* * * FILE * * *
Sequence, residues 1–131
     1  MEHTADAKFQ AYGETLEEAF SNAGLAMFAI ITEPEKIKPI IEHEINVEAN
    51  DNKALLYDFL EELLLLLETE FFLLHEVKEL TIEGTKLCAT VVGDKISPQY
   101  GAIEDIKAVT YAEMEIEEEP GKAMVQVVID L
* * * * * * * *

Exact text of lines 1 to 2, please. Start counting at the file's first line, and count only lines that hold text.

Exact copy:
Sequence, residues 1–131
     1  MEHTADAKFQ AYGETLEEAF SNAGLAMFAI ITEPEKIKPI IEHEINVEAN